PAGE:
A Reduced National Incidence of Anogenital Warts in Young Danish Men and Women after Introduction of a National Quadrivalent Human Papillomavirus Vaccination Programme for Young Women – An Ecological Study
Niels Sandø, Kristian Kofoed, Claus Zachariae, Jan Fouchard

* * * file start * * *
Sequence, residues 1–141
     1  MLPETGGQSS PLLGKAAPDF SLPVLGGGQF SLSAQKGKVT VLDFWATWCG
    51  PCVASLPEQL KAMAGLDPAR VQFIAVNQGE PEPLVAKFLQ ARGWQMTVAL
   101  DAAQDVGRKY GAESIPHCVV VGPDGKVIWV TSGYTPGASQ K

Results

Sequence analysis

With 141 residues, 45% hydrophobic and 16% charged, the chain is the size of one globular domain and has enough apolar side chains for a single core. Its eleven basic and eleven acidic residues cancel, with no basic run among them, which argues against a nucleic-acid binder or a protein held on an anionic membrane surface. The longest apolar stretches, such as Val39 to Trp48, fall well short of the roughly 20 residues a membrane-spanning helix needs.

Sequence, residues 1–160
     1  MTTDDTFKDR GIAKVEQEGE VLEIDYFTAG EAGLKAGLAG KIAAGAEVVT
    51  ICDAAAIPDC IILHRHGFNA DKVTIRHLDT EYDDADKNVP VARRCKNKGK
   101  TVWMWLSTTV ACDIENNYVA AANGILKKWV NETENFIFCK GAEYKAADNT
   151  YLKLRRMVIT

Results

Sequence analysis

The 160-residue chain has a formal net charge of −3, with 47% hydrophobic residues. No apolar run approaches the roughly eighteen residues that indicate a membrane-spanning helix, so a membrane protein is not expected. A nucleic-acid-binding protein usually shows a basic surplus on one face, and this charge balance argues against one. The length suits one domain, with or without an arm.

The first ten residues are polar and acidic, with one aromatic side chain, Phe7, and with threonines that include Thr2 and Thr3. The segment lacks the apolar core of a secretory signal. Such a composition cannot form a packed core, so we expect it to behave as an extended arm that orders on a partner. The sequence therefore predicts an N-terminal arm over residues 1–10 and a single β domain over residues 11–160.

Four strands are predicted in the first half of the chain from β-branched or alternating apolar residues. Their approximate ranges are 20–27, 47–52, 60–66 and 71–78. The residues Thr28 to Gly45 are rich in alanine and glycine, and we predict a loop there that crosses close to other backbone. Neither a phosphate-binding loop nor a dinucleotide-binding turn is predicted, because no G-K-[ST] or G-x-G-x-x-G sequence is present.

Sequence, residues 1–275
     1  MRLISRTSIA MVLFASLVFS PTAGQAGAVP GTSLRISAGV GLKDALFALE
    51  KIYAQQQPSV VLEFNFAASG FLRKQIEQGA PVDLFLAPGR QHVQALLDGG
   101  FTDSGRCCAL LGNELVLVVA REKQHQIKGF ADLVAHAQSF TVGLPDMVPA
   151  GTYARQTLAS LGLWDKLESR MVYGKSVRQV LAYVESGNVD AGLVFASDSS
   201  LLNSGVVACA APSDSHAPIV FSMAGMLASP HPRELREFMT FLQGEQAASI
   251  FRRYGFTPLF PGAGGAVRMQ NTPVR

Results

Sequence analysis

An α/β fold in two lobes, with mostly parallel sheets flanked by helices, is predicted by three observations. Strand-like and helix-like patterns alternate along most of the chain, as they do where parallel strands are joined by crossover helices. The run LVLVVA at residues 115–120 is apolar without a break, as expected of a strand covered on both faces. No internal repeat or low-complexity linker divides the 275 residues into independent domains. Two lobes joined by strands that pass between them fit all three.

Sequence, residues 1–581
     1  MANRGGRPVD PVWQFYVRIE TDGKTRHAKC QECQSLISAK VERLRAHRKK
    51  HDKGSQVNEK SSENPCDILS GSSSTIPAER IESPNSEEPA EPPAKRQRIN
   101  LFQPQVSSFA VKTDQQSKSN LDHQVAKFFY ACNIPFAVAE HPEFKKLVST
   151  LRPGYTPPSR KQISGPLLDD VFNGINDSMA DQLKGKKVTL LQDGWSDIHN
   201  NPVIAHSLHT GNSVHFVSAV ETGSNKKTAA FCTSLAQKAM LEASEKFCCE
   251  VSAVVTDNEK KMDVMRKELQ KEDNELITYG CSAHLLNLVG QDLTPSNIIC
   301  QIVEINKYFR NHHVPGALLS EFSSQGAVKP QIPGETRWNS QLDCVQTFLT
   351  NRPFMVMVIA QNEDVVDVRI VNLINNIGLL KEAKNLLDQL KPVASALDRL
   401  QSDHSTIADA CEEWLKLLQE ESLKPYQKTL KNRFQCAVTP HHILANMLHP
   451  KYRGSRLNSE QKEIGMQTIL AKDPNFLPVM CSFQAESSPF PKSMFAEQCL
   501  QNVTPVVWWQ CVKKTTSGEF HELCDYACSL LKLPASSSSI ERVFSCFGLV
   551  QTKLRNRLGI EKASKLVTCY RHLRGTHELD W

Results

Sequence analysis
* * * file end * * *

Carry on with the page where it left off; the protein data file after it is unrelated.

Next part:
In January 2009 the human papillomavirus (HPV) vaccine was included in the Danish childhood vaccination programme for girls aged 12 years. A catch-up programme for girls up to 16 years of age was started a couple of months earlier. Based on national register data, anogenital wart (AGW) incidences between January 2001 and December 2011 were estimated. We used χ2 analysis to identify significant trends in proportions of patients diagnosed with AGW in the period before and after inclusion of the HPV vaccine in the program. The development of chlamydia infections was included in this study as a proxy for possible behaviour changes that could affect the AGW incidence. Between 2008 and 2011, a 50% (95% CI 44–56) decrease in AGW incidence was seen among 15–19-year-old men (p = 0.041), from 5.2 to 2.6/1,000. Among women, a 67% (95% CI 63–72) decrease from 11.7 to 3.8/1,000 was seen (p < 0.0001). The decline in frequency of AGW in young Danish women seems to result from the high coverage of the HPV vaccination programme and young men probably benefit from herd immunity.